By Michael Le Page
Does the CRISPR gene-editing method cause hundreds of extra, unwanted mutations? That’s the question raised by a small study in mice.
The idea of gene editing is to alter a single DNA sequence in the genome of cells while leaving the rest untouched. However, in practice, every gene-editing method sometimes results in unwanted changes.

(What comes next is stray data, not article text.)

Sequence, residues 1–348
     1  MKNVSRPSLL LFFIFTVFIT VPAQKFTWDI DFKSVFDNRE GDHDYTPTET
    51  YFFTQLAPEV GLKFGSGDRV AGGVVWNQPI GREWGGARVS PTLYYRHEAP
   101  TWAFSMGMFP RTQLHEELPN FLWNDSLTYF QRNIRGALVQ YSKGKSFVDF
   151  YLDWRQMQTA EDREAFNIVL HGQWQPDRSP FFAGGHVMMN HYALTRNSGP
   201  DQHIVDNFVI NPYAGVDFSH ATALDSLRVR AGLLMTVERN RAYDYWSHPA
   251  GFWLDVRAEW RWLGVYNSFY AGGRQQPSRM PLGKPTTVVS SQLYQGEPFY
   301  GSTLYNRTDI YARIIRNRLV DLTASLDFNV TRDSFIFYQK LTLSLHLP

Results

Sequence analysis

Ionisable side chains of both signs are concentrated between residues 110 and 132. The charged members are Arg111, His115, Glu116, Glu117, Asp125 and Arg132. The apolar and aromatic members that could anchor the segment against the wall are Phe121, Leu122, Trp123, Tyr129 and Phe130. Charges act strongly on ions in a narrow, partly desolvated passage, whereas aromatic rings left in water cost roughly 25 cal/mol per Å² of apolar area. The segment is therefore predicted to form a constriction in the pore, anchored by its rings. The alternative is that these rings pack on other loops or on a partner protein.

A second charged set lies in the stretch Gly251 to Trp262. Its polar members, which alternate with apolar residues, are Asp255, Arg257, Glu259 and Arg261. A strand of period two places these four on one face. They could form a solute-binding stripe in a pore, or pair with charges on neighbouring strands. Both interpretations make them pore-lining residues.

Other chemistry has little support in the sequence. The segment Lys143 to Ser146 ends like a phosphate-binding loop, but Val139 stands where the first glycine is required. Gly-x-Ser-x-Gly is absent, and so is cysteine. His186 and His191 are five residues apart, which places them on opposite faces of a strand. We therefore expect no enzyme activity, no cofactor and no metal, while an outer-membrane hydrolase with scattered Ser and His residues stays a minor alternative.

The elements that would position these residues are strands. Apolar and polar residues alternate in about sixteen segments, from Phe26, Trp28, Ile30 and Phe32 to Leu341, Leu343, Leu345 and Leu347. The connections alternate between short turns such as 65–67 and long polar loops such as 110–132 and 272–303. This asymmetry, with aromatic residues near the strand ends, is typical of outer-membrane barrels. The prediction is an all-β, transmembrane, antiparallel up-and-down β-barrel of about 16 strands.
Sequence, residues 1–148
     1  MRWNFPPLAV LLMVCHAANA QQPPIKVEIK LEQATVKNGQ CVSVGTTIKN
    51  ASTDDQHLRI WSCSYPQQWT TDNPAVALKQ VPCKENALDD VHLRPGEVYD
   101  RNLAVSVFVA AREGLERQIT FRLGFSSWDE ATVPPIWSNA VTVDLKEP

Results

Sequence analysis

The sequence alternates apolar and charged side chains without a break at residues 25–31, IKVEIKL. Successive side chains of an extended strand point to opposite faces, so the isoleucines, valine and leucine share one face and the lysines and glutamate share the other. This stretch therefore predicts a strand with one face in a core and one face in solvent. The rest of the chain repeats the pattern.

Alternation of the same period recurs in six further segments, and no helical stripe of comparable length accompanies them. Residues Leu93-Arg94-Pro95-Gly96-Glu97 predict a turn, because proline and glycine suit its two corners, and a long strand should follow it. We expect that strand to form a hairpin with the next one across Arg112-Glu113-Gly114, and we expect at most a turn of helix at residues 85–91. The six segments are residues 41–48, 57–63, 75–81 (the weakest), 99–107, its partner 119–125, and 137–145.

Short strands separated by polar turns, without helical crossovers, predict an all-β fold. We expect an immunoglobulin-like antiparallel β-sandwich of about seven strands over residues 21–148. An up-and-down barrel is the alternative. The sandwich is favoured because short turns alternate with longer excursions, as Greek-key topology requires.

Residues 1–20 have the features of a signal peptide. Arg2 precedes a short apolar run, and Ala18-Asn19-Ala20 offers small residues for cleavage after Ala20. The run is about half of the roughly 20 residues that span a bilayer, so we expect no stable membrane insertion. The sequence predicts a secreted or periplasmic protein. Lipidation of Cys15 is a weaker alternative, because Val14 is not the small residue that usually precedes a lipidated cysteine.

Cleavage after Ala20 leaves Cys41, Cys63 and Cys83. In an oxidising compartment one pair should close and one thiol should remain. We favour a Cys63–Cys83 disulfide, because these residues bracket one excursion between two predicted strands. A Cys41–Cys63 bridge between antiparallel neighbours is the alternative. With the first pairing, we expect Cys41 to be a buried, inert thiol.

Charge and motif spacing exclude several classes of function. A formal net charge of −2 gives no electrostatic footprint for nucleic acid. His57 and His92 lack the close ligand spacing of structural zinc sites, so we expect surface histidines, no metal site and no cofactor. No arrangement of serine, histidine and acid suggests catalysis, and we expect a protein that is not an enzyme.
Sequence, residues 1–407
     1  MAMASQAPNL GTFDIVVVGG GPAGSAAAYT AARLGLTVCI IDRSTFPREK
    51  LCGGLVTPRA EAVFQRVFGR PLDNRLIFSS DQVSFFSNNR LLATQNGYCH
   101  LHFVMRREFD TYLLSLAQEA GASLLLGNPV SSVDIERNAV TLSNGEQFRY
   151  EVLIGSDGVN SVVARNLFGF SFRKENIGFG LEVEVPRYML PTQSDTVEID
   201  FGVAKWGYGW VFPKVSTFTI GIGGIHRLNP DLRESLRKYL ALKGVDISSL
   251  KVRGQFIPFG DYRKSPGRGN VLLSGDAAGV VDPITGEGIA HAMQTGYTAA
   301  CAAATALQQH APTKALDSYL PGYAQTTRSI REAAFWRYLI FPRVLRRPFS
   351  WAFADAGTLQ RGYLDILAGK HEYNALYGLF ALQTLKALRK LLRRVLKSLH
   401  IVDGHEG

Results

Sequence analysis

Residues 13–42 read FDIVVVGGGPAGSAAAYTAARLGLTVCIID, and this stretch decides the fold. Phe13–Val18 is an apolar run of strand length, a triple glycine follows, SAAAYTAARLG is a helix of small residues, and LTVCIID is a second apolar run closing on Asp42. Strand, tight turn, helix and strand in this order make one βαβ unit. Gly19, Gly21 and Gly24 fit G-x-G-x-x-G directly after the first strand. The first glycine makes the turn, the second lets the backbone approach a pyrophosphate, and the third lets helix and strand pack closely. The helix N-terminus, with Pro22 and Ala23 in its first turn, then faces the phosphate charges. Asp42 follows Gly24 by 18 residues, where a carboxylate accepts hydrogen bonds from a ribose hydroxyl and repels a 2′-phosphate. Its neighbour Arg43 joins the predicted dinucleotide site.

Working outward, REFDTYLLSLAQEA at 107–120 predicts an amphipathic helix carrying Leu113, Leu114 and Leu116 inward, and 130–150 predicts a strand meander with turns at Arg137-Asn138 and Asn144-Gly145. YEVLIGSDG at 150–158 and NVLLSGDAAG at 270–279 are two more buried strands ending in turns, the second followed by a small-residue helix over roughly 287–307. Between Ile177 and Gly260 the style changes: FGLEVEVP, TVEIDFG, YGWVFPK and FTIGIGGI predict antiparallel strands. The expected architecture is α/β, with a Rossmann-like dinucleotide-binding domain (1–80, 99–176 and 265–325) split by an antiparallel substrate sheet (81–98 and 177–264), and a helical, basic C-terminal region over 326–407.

This is not necessarily a problem if the rate of unwanted changes is low, as most mutations have no effect. But mutations in certain genes can lead to cancer, so the safety of CRISPR depends on how often it makes these off-target mutations.
Most studies have found few if any unwanted mutations with CRISPR. However, almost all of these studies looked for off-target changes by predicting what these were likely to be, and then seeing if they could find them.
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